one of the nation's largest PBMs, for $6.6 billion.24 In May 1994, SmithKline Beecham PLC bought United HealthCare Corp.'s Diversified Pharmaceutical Services Inc. for $2.3 billion.25 In July 1994, Eli Lilly & Co. bought McKesson Corp.'s PCS health systems for $4 billion.26 The new alliances within the drug industry have led to profits, but also to controversy.

Sales rose at Merck & Co., SmithKline Beecham PLC, and El Lilly & Co., the three companies that purchased PBMs in 1993 and 1994, but sales have also risen at drug companies that didn't buy PBMs.27 Drug companies who bought PBMs did so hoping to gain a large share of the managed care market, which was then seen as a threat to drug sales. Managed care, however, proved to promote drug sales rather than hinder them, leading to increased profits for the drug industry as a whole.

C. New Alliances Cause Controversy

1. Therapeutic Substitutions

PBMs carry a full line of pharmaceuticals, including those made by competing drug companies, but after an acquisition by a manufacturer, a PBM is more likely to sell a greater share

24 Michael Waldholz & George Anders, Merck To Purchase Medco in $6 Billion Transaction, WALL ST. J., July 29, 1993, at A3.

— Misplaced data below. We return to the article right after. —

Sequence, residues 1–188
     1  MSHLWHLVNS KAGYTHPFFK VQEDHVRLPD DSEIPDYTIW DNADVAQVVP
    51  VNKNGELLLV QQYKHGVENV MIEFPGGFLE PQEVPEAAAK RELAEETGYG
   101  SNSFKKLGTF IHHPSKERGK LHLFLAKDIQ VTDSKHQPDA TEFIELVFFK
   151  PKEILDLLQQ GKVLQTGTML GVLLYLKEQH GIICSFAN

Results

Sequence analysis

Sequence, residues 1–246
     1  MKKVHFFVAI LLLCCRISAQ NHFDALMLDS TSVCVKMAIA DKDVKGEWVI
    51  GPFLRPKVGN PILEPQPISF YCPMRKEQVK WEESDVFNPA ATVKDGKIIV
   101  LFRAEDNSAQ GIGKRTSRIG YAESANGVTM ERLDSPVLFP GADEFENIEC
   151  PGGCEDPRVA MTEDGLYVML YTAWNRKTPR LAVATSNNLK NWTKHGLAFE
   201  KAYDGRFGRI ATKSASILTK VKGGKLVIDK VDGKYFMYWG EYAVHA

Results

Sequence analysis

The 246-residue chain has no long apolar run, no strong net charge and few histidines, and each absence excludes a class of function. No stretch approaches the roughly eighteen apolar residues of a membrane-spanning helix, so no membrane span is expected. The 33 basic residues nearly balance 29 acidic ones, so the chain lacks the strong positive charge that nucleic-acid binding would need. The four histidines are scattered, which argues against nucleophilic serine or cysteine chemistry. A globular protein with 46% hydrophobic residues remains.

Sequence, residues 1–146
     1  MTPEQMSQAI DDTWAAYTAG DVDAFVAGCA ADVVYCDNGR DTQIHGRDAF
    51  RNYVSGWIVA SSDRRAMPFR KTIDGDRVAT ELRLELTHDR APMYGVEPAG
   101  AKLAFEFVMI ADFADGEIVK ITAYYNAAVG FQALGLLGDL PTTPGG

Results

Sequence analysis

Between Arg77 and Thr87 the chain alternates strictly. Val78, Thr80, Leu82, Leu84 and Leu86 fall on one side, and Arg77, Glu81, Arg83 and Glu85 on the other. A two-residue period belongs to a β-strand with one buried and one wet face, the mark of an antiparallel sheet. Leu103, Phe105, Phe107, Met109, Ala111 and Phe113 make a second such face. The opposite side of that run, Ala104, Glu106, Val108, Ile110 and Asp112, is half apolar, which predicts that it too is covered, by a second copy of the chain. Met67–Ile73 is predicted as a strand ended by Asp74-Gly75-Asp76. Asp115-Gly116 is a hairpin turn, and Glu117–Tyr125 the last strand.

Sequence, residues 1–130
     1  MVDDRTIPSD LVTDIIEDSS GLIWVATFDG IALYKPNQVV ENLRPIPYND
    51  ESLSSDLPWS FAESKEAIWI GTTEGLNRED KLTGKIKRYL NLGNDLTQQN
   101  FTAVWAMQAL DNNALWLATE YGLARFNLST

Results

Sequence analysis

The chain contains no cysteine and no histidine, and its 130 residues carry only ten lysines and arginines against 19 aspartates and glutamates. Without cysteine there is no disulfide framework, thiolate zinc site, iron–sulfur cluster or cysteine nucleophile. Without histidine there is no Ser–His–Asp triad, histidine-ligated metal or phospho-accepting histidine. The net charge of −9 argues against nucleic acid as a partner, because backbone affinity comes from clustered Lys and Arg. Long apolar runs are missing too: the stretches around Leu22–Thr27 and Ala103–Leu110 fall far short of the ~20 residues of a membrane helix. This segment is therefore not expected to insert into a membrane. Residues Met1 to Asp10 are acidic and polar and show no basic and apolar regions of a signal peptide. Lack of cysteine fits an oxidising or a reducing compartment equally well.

25 Ron Winslow & Stephen D. Moore, SmithKline Sets To Purchase Benefits Firm, WALL ST. J., May 4, 1994, at A3.

26 Thomas M. Burton & Elyse Tanouye, Eli Lilly to Buy McKesson Unit for $4 Billion, WALL ST. J., July 12, 1994, at A3.

27 Elyse Tanouye, Value of Some Drug Firms'Acquisitions Is Questioned; Owning a Pharmacy Benefit Manager May Not Make Much Difference, WALL ST. J., Nov. 19, 1996 at B4.


of its parent's drugs.28 Merck, for example, used controversial sales tactics involving Medco, its PBM.29 After its acquisition of Medco, Merck still employed detailers to visit physicians and to leave samples, but it also used Medco's pharmacists to sell Merck's products. Although most states permit generic substitutions, pharmacists are generally prohibited form making therapeutic substitutions of chemically different drugs without the authorization of the prescribing physician.30

Pharmacists employed by Medco would call physicians to try to persuade them to switch prescriptions to different, Medco-preferred drugs.3 ' When Medco was independent, it used telemarketing tactics to encourage physicians to prescribe lower-cost brand name or generic drugs. After Medco was purchased by Merck, Medco pharmacists used those same techniques to sell Merck's drugs. Medco's telemarketing pharmacists were able to switch 75,000 prescriptions a month, or nearly 1 million a year.32 Medco could not deny that the telephone switches improved its market share, but it defended the practice as a cost-containment measure.33